All protective gloves must comply with EN 420 – General requirements on gloves. There are exceptions only for electric protection gloves and disposable gloves (medical disposable gloves). EN 420 specifies the minimal requirements on gloves. Each glove must have information for users attached, including instructions for storage, transport, cleaning, use and disposal. The above stated basic standard specifies recommended values for chromium VI (max. 10 mg/kg) and the pH value (between 3,5 and 9,5). EN 420 further assumes the finger mobility test (min. 0, max. 5) for protective glove.
To satisfy different requirements of industrial areas, the protective gloves are divided into 3 groups:
|Category I||minimal risks
Low requirements on protection
|Category II||medium risks
E.g. protection against mechanical hazards
|Category III||high risks
Protection against irreversible damage and danger of life, e.g. due to damage by chemicals, heat, cold, radiation, current
Based on the above stated classification, a special standard including the respective glove marking and documentation follows. The protective gloves for industry are usually classified minimally in category II.
The categories are based, among other things, also on regulations for approval of and documentation to products. The regulation for PSA manufacturers 89/686/EEC includes basic requirements and classifications in individual categories.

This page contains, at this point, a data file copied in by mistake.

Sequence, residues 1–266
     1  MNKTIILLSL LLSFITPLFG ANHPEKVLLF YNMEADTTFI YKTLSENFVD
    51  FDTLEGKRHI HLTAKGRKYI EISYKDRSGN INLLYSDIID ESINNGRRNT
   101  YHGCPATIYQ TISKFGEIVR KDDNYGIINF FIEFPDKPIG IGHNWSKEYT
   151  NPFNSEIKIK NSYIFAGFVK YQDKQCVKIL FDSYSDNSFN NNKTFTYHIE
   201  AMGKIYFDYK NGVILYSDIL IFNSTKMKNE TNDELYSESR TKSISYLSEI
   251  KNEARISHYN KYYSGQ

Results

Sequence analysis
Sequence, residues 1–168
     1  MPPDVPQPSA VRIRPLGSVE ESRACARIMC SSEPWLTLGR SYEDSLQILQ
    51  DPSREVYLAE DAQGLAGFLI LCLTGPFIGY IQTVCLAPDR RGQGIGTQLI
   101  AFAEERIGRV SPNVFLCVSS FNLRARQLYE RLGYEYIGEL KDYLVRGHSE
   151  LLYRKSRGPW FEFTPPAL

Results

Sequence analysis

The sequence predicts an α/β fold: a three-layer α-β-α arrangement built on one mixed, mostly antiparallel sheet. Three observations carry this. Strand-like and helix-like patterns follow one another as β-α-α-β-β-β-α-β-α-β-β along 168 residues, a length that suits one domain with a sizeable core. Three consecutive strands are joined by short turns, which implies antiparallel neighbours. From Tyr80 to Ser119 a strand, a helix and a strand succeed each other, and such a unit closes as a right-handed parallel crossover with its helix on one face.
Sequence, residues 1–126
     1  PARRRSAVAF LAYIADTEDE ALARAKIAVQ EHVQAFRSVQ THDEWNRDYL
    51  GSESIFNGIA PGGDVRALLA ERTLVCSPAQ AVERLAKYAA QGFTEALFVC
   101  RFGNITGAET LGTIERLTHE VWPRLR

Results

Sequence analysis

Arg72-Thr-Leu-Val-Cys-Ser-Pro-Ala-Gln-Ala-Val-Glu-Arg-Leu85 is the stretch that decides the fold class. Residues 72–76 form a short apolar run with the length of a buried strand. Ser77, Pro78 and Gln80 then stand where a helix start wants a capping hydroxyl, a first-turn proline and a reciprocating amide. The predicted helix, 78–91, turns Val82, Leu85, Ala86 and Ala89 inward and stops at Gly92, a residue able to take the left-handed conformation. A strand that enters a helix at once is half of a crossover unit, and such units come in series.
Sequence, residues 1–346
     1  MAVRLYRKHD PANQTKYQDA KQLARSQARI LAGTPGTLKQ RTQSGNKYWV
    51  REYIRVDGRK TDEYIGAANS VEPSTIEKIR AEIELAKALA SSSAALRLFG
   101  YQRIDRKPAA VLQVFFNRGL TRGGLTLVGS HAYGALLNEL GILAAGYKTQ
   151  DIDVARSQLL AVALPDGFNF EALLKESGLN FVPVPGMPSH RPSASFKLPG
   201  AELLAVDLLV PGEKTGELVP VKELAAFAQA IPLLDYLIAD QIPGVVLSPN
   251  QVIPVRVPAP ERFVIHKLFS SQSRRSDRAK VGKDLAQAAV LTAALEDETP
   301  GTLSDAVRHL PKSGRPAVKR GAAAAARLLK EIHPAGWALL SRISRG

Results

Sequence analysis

|Category I||Declaration of Conformity|
|Category II||Declaration of conformity +
one-off certificate for prototype homologation
|category III||Alt. A||Declaration of conformity +
one-off certificate for prototype homologation
|Alt. B||Declaration of conformity
+ yearly certificate of prototype homologation
+ ISO 900ff
The manufacturer of protective gloves must submit the relevant documentation at request.DG Tachov, thanks to its philosophy of provision of quality, meets even the strictest requirements of its customers, as it has chosen the most difficult path. The DG Tachov products are approved through prototype homologation. Another plus in assurance of safety, which should not be waived by the glove user.
TABLE - GLOVE MARKING EN 388
– Gloves giving protection from mechanical risks
For category II, the pictogram marking the individual tests must be situated
- on the protective glove
- on the instructions for use
- on the package
Only if the above stated conditions are met, you can be sure to own a protective glove complying with category II or higher. The sequence of performance levels must be observed and the digits must be stated on the glove next to the pictogram of the special standard.
Level X means that the test is not practicable for the glove in question.
EN 374 – Gloves giving protection from chemicals and micro-organisms